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A 1939 Luger from a local seller is advertised as having 4 matching magazines. I have never seen one with so many matching magazines which raised red flags for me. Is it likely that there would be so many matching magazines?
 

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Legitimately, probably not. But a person could, with diligence acquire them.
 

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Go take a look at it. See what you can see.
 

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I have only seen a #3 on police, however a collector I respect very much has seen 4 matching mags
 

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Be very skeptical unless you can evaluate them yourself. Otherwise, try posting some good sharp detailed photos of the magazines and pistol.
 

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Just curious... Is it a 39-S/42, 39-42, 39 Banner police or 39 Banner commercial?
 

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A 1939 Luger from a local seller is advertised as having 4 matching magazines. I have never seen one with so many matching magazines which raised red flags for me. Is it likely that there would be so many matching magazines?
I have a 1923 Stoeger artillery Luger. The did not have matching magazines the mags we’re unnumbered or marked Germany. A decade or so later I found a 1936 s/42 with a holster and matching mag. The extra mag was a 1st war wood bottom mag with surprisingly the same number as my Stoeger. While not correct it still was to interesting to pass up. I bid slightly higher than normal to obtain it.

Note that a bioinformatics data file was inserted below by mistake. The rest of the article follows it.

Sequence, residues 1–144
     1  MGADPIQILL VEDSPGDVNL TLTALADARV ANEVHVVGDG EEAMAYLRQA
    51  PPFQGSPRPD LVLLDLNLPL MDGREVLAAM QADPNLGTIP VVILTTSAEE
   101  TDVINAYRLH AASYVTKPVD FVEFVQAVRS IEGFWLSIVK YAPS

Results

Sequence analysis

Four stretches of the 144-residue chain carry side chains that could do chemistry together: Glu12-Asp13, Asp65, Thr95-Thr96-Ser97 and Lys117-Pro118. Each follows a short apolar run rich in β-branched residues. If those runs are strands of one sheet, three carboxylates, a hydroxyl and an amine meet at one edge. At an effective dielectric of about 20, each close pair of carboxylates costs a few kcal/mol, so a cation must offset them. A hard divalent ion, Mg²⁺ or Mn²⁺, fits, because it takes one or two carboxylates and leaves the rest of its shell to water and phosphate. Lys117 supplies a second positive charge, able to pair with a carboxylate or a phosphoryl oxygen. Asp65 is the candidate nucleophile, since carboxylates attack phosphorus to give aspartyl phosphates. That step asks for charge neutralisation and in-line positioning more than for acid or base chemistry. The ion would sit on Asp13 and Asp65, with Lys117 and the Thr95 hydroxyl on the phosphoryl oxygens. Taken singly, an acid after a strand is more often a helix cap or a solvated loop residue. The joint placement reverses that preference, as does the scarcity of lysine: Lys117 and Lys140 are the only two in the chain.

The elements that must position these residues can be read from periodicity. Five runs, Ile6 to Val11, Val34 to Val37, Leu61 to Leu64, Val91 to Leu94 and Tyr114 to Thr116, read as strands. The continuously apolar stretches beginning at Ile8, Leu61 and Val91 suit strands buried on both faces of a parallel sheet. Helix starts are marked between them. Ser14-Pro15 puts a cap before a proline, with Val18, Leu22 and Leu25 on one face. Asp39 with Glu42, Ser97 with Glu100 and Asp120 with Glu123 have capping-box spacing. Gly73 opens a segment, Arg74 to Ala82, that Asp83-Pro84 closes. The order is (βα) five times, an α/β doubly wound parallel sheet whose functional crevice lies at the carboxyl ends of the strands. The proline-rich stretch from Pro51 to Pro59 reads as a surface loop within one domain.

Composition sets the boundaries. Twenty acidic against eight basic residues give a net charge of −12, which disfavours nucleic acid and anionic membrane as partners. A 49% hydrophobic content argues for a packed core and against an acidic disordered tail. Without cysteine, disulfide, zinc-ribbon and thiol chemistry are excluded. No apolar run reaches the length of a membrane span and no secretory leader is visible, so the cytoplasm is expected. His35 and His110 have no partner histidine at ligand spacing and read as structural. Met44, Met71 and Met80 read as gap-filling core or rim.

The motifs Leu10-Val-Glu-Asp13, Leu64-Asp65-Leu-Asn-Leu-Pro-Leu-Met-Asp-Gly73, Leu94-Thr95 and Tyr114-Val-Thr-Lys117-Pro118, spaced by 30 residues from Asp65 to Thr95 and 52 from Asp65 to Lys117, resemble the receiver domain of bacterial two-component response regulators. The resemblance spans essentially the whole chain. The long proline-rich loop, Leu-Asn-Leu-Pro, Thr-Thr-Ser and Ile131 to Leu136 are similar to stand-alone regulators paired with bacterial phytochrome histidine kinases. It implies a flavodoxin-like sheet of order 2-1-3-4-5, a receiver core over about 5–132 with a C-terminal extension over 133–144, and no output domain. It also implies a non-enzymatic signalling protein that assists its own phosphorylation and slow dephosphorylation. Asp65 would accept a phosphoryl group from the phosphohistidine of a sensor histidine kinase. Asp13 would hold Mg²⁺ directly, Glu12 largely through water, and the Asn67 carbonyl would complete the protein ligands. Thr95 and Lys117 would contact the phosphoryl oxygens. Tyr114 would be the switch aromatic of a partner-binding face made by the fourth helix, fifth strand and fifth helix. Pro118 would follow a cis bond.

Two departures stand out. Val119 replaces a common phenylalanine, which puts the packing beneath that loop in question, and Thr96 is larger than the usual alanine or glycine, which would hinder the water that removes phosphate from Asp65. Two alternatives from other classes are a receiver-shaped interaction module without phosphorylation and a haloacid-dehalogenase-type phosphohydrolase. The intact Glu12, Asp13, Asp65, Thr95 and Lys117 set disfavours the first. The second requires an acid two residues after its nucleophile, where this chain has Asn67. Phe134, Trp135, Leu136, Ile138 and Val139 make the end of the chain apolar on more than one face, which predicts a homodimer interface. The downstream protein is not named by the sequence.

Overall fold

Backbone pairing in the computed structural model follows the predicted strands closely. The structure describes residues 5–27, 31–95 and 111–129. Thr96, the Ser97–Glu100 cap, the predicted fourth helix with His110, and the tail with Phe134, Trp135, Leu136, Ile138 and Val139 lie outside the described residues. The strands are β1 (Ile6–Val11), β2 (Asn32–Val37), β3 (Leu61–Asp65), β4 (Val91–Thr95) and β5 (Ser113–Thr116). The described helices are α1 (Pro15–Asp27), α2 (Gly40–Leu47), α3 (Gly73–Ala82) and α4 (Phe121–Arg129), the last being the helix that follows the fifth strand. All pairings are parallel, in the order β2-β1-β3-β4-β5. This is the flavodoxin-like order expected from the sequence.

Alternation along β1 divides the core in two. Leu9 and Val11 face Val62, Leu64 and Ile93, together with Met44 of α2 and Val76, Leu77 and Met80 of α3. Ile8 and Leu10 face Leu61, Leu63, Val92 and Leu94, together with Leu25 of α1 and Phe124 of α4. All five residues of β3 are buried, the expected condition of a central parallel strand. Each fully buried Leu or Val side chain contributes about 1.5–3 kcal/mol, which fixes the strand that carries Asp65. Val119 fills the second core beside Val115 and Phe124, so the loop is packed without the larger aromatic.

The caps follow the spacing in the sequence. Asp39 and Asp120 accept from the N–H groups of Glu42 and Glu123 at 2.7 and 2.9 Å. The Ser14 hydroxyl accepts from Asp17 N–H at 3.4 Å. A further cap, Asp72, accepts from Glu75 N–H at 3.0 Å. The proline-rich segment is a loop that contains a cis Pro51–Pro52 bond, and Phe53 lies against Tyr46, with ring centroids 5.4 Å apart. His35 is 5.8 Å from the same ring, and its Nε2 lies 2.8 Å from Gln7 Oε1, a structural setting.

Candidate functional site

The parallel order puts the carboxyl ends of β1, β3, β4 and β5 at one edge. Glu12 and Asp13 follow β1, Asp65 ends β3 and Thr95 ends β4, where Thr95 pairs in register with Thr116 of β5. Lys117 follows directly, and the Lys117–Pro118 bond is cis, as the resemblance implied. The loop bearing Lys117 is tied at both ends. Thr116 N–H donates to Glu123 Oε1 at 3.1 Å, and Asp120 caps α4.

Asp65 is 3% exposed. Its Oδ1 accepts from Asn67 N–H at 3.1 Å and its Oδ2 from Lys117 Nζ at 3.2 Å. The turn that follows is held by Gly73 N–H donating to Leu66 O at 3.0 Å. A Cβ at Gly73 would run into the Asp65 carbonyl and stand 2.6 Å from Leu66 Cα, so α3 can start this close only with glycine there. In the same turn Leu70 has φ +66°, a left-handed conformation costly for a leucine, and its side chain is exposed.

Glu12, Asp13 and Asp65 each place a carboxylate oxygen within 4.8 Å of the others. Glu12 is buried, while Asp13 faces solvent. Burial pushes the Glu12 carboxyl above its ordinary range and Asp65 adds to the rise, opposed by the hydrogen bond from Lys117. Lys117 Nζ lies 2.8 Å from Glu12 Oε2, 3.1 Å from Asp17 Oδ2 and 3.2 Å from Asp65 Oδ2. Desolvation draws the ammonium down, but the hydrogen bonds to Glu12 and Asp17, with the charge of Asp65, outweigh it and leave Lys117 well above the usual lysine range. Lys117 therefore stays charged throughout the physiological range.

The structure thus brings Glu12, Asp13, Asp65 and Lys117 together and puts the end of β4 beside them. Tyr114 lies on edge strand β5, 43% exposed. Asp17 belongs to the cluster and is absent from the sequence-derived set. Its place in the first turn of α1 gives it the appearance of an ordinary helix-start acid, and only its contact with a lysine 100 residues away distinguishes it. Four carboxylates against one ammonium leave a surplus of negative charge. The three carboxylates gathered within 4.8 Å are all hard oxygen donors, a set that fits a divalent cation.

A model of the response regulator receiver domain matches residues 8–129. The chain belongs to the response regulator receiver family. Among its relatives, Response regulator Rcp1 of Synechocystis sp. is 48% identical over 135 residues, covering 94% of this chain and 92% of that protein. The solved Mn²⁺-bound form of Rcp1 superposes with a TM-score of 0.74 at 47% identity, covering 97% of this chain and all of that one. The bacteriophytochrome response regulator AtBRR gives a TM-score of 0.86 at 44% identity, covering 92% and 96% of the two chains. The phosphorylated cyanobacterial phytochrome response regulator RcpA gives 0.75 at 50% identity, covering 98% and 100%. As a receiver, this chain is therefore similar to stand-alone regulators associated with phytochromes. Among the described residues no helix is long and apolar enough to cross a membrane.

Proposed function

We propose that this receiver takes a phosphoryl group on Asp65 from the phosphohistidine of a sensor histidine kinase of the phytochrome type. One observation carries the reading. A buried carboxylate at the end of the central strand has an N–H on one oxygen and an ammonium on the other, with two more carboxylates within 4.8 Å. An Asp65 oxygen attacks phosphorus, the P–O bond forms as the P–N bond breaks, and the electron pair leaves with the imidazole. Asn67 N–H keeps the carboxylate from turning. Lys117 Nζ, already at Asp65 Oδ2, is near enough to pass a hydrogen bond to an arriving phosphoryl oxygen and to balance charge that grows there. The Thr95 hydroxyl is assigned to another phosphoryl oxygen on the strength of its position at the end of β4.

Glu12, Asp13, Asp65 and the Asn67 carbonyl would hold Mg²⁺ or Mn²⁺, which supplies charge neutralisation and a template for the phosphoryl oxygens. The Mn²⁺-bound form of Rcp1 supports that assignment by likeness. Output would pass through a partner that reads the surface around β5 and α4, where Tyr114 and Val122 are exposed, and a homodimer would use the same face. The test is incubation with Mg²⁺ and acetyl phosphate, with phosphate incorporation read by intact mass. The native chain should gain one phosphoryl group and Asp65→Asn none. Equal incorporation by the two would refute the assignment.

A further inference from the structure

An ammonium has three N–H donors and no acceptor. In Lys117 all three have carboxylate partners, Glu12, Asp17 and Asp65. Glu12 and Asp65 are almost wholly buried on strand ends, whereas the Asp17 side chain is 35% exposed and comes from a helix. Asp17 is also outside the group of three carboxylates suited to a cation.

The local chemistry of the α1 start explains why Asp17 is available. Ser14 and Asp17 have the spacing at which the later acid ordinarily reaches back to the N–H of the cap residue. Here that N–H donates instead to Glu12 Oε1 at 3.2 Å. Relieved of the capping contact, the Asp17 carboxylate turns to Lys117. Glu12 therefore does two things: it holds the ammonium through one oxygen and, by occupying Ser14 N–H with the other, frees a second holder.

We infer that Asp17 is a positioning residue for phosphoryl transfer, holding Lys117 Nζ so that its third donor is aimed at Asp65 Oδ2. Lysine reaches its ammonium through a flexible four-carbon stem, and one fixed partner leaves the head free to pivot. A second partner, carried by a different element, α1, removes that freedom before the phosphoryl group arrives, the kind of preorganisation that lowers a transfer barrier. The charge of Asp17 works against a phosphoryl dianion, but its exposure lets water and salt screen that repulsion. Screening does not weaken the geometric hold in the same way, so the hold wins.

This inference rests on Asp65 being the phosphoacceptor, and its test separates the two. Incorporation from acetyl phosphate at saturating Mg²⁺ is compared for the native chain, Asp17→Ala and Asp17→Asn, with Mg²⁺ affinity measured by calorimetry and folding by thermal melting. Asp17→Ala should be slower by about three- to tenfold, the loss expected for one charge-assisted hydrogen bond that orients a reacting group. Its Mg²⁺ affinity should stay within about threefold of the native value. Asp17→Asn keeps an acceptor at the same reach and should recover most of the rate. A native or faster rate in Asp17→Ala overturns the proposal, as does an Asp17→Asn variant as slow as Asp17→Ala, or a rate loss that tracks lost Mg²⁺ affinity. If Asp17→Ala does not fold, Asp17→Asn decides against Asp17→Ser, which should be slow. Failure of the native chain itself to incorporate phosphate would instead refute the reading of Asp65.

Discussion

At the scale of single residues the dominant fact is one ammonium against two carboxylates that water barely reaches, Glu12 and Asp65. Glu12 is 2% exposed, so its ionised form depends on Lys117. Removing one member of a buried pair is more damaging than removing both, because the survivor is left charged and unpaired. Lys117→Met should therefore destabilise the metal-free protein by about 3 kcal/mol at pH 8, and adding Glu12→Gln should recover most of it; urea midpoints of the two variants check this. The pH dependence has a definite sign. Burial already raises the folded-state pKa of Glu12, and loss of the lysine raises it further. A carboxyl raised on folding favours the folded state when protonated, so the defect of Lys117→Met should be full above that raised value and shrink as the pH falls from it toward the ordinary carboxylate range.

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Nothing is too far fetched in Luger fantasy land, here's a 1906 Navy with a "matching number" aluminum based magazine:
I have two different Lugers on gunbroker right now selling as a pair (maybe). Their claim to fame they have the same serial number. Sort of. One a 1906 Brazilian the other a war Time byf. The byf has a prefix in the serial the Brazilian does not however I found it interesting enough to market them that way. Who knows maybe someone else will as well.
 

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I have two different Lugers on gunbroker right now selling as a pair (maybe). Their claim to fame they have the same serial number. Sort of. One a 1906 Brazilian the other a war Time byf. The byf has a prefix in the serial the Brazilian does not however I found it interesting enough to market them that way. Who knows maybe someone else will as well.
Two pistols. One matching number. Four matching magazines. Mystery solved!!!
 

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Looking at the Lockgolden's Gunbroker listing, 41 byf sn1480b could be the latest 41 byf reported. Maybe the last military Luger produced in 1941 before changing to 42 byf.
In the book The Mauser Parabellum, Hallock and Van de Kant's 41 byf range goes to 1121b. Not that it makes the gun more valuable, it is interesting.
 

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Tom, I have found that the simson's with the 'latest' 'a' suffix have sold for more than other serial numbers when I've seen them sell over the years.
 

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Looking at the Lockgolden's Gunbroker listing, 41 byf sn1480b could be the latest 41 byf reported. Maybe the last military Luger produced in 1941 before changing to 42 byf.
In the book The Mauser Parabellum, Hallock and Van de Kant's 41 byf range goes to 1121b. Not that it makes the gun more valuable, it is interesting.
Interesting. I had not considered that. Your right about value although having watched and made notes for years in auctions I often can not understand why some generate the amounts they do. Not rare not special often more of the identical year and model are listed. Makes me wonder what I am missing.
 
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